While the global economic slowdown has impacted nearly every corner of the investable universe, one commodity group that has been hit particularly hard has been energy. Oil, gas, coal, and even nuclear power have all fallen victim to sluggish economic growth and dwindling global demand. And in its annual energy report, BP takes a closer look at how exactly the global recession has impacted the supply and demand of some of the most widely-traded commodities on the market [for more energy news and analysis subscribe to our free newsletter].
U.S. Pumps Out More Oil, But Global Demand Dwindles
BP reported that global energy consumption grew by only 1.8% in 2012, well below the 10-year average of 2.6% and lower than 2011′s 2.4% figure. From the emerging market economies, which typically drive the most demand, only China and India saw increased consumption; together, the demand from these countries accounted for almost 90% of the global increase. In the U.S., energy demand fell 2.8%.
From the supply side, however, the U.S. saw its biggest-ever annual increase in oil production. According to the report, the U.S. produced 8.9 million barrels of oil a day. BP cites “unconventional” oil as the main reason behind the surge, as controversial techniques of fracking and horizontal drilling have made reserves more accessible [see The Case Against Fracking].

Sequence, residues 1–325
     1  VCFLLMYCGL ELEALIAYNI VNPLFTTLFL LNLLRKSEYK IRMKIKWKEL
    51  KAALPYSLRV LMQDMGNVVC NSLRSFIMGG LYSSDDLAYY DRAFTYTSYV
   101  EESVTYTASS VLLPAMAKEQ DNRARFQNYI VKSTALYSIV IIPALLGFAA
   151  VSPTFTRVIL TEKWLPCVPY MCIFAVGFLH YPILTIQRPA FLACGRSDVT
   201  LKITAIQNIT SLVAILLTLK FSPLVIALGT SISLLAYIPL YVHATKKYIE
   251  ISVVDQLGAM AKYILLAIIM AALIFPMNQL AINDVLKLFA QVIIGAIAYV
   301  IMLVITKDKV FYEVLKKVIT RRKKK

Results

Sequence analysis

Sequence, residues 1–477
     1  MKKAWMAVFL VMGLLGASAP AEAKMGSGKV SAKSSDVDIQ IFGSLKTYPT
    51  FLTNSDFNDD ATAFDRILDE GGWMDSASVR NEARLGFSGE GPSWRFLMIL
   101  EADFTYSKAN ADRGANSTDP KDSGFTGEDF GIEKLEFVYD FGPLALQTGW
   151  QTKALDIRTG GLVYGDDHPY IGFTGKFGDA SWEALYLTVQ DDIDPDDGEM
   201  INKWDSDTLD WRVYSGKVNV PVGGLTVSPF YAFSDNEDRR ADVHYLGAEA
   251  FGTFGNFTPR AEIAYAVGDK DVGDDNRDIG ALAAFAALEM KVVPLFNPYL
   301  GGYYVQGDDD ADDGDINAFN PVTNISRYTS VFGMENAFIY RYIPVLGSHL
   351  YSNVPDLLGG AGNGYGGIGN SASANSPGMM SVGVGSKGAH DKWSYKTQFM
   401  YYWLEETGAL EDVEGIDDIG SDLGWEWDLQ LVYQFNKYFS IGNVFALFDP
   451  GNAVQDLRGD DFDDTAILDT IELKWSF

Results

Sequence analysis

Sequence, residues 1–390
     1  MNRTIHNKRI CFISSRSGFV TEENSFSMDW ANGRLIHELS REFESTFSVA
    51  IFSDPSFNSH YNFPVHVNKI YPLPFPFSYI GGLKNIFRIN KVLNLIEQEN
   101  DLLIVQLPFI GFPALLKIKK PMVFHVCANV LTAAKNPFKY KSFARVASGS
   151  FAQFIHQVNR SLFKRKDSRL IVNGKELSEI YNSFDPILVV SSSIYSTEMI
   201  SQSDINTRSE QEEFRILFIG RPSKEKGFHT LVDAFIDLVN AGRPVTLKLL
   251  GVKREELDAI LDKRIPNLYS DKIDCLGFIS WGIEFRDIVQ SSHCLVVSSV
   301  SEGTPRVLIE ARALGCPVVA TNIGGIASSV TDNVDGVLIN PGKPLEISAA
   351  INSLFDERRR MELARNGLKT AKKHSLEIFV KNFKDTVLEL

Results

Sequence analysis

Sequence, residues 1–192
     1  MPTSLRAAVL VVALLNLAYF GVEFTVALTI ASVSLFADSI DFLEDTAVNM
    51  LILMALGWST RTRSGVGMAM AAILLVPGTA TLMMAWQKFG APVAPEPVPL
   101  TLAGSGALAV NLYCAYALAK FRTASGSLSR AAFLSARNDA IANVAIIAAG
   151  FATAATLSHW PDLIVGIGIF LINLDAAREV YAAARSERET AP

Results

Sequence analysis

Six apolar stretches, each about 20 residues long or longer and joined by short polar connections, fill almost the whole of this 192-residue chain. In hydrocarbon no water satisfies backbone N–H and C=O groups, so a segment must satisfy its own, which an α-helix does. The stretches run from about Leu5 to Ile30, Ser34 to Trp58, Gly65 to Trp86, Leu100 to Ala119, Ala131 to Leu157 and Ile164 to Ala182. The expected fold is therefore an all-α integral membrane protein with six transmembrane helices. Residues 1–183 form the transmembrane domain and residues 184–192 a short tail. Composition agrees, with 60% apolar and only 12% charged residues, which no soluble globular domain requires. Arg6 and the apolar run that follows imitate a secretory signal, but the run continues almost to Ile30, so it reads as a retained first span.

In other energy commodities, BP reported on several noteworthy trends:
- Renewable Energy: Biofuel production contracted 0.4% in 2012, marking its first decline in over a decade. Solar power generation, however, skyrocketed last year, increasing more than 58%. Wind energy also saw an uptick in 2012, with generating capacity growing by 18.9% [see Japanese Government Policy Sets Solar On Fire].
- Coal: In 2012, the world’s proved reserves of coal were sufficient to meet over 100 years of global production. Over the last year, production increased by 2% globally. Asia pacific economies accounted for all the net increases, with China’s and Indonesia’s production growing by 3.5% and 9%. U.S. production, however, declined 7.5%. Globally, coal consumption increased 2.5%, well below the 10-year 4.4% average.
- Natural Gas: World proved reserves came in at 187.3 trillion cubic metres, a 0.3% decline from last year’s number. Global natural gas production increased 1.9%, though U.S. production increased by 4.7%. Overall, consumption of the fossil fuel increased 2.2% [see Natural Gas Taking A Major Hit].
- Nuclear Power: Nuclear power generation took the biggest hit last year, declining 6.9% – the largest decline on record for a second consecutive year. Nuclear’s share of global primary energy was the lowest in nearly 30 years.
Disclosure: No positions at time of writing